Frank D. Sullivan and Carolina Buertel
What we know about the SULLIVAN line
I have mentioned before that my mother, Lorene Sullivan Andris, has been the unofficial family historian. The information given below is a combination of my mother's story, my own research, and more recently, information from other relatives of Frank Sullivan.
Lorene Andris' story
Frank Sullivan, my grandfather, was born 23 Mar 1881, the son of an Irish father, David Sullivan, and a German mother, Carolina Bartell. He had a short and a hard life, but my mother loved him very dearly. My mother always said that David Marion Sullivan worked on a riverboat. He was born in Cork County, Ireland, from where he had migrated. His main address was Cincinnati, Ohio. He met Caroline Bartell on the river, (when he was fairly young) and they proceeded to have 5 children. My mother tells that he had an older sister, Maggie, a brother Walter, and twin sisters who were scalded to death at an early age. He would go on the riverboat after each child and come back.
Sometime soon after my grandfather was born, his father disappeared, never to be seen again. His mother pined away about his absence, and died of cancer when he was only 4 years old. The children were adopted out. Mom has long speculated on the nature of Frank D.'s disappearance. Could he have fell into the water and drowned, been killed in a gambling squabble, left for another woman? But she just didn't know.
My own research
In the year 2001, I was able to add even more information about my great grandfather. Again my thanks go to Catherine Sams, for helping me to figure this out. I found in Cochran's Washington Co. Marriages this reference: "Frank D. Sullivan and Caroline Battle, 9 Oct 1875." As you can see, there is too much similarity here for this to be just a coincidence. Caroline Battle was, of course, Carolina Buertel. And the family lore about David Sullivan's middle name just had to be disgarded. His name was Frank David Sullivan, probably, and Franklin Marion Sullivan was his namesake.
Catherine Sams also showed me the Census of Washington County, Ohio, taken from the 1880 Ohio Census of Washington Co. Here we uncovered even more exciting facts. The entry reads:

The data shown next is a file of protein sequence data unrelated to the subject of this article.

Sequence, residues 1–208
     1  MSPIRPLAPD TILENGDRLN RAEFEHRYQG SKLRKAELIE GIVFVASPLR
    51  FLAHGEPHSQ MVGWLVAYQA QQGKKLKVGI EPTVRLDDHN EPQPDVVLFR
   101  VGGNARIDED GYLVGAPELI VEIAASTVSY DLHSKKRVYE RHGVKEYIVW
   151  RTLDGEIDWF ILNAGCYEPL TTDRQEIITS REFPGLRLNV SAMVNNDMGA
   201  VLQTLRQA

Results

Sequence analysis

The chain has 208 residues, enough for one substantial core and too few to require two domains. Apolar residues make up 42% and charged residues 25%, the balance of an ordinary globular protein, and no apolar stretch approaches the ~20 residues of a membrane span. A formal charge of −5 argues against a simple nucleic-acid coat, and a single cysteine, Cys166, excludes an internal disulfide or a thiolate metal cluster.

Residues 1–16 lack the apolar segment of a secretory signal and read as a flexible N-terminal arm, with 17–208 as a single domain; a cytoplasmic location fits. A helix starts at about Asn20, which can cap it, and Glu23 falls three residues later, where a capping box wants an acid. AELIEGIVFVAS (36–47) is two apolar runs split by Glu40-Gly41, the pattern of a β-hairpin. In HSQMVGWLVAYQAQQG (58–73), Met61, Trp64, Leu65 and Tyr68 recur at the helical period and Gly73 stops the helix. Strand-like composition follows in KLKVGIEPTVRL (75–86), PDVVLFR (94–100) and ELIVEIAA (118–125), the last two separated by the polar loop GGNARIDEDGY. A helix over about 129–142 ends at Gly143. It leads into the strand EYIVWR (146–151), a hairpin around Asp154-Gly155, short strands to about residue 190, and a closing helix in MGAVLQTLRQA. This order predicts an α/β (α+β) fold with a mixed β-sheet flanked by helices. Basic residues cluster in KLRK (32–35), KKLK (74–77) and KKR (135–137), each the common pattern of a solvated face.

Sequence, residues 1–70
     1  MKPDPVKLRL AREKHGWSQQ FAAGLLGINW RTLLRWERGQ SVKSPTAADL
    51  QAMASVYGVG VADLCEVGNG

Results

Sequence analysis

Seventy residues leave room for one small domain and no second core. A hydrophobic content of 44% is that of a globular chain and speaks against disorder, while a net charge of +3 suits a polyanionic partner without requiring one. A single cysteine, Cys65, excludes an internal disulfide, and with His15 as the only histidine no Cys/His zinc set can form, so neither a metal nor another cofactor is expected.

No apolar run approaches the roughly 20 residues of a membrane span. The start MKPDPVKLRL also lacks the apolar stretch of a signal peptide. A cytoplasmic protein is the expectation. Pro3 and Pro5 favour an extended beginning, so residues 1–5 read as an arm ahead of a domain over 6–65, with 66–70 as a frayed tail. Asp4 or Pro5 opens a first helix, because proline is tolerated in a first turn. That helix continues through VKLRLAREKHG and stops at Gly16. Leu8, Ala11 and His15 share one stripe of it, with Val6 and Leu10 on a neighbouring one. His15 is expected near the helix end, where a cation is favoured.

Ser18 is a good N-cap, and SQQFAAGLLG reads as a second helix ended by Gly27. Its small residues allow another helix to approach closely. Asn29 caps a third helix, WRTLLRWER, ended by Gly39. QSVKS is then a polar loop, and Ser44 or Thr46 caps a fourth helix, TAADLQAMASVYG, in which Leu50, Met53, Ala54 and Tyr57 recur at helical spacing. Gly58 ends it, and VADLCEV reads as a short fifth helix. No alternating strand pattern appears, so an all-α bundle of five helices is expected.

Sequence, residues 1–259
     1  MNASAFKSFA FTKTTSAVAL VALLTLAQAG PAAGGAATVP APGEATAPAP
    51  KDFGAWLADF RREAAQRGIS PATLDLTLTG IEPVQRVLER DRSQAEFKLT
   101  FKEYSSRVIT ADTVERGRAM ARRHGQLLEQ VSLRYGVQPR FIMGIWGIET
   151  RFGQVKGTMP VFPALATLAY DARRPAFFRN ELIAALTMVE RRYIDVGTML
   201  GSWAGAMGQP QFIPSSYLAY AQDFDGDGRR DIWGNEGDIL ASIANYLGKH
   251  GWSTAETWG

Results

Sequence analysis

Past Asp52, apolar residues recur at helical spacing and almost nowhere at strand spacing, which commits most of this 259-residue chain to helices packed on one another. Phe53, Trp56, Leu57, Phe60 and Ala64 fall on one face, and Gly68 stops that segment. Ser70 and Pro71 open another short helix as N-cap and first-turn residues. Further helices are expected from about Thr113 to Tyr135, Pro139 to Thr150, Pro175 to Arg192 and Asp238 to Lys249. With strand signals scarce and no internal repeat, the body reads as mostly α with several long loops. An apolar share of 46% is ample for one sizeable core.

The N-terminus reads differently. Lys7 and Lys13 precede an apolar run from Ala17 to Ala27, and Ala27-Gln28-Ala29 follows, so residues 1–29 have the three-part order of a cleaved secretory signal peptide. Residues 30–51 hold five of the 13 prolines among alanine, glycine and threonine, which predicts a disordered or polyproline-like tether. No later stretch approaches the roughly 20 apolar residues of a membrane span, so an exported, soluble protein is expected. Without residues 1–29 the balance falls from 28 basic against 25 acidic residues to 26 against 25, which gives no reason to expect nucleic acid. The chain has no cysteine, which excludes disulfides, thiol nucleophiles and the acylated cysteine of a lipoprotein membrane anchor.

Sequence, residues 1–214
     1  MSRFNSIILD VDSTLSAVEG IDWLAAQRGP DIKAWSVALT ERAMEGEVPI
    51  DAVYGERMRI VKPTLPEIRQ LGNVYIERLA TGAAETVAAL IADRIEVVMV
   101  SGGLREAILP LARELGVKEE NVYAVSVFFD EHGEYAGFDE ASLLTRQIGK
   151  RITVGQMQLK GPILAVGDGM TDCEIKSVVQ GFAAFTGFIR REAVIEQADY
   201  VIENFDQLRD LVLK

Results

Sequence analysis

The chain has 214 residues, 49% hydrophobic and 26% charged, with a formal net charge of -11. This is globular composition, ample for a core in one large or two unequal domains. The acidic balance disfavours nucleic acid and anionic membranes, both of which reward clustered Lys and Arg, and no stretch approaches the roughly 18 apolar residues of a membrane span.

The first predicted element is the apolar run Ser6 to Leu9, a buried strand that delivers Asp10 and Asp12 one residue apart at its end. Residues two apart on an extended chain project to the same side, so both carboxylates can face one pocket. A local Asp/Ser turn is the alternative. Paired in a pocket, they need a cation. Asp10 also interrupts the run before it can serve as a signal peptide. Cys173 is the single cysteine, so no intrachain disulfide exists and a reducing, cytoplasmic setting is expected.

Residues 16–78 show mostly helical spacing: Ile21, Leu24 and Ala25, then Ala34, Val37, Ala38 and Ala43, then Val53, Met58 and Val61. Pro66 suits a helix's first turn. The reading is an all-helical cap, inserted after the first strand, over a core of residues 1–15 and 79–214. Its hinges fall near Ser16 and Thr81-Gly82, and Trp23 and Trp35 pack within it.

What a wealth of information is here! My great grandfather was not only born in Ohio (if these records are correct), but both his parents were born in Ohio. And he married a German woman several years his senior. We find Maggie and Willie as small children in the home, Maggie is two and Willie is one month old. Yet, I'm not sure how to interpret the statement that Willie's mother was born in Ohio, while his sister's mother was German. If this is true, then Caroline was not Willie's mother. However, this information basically verifies mom's initial story.
And Frank David worked in a sawmill! This is all the more remarkable because, as we shall see later, Frank D. Sullivan probably worked at the sawmill owned by Jacob Zimmer, III and wife Elisabeth Buertel.The Zimmers adopted my grandfather, yet to be born son of Frank D. Sullivan, when Elizabeth's half-sister, Carolina Buertel, died at an early age.
In other words, if all these things are true, it is possible that Frank David Sullivan got a job as a young man in Jacob Zimmer's sawmill, and met wife-to-be, Carolina Buertel through her half-sister Elisabetha, who was married to his boss.
Mom had a picture of her grandmother, and thought her name was Carolina Bartell. However, we have found out much more about Carolina Buertel, my great grandmother. It was an exciting day when I found the following entry in the Personal Descriptions/Berg Church/Membership/Church Business:
20. ADAM BUERTEL
1. Philippina born 28 Apr 1834 in Dennweiler
married the second time in 1847 to
4. Elisabetha born 7 Jul 1849 in Fearing Twp.
They emigrated from Dennweiler in 1848.
These stark facts fit together with pieces of my mother's recollections in such a way that this Carolina Buertel, born 9 May 1847, is almost certainly my great grandmother. Mom knew only that her father Frank's mother's name was probably Caroline Bartell and that she had a sister Elizabeth who married Jacob Zimmer. Jacob and Elizabeth had taken Frank in and raised him. The Berg Church record above surely looked to me suspiciously like the family in question, even though the name was Buertel instead of Bartell.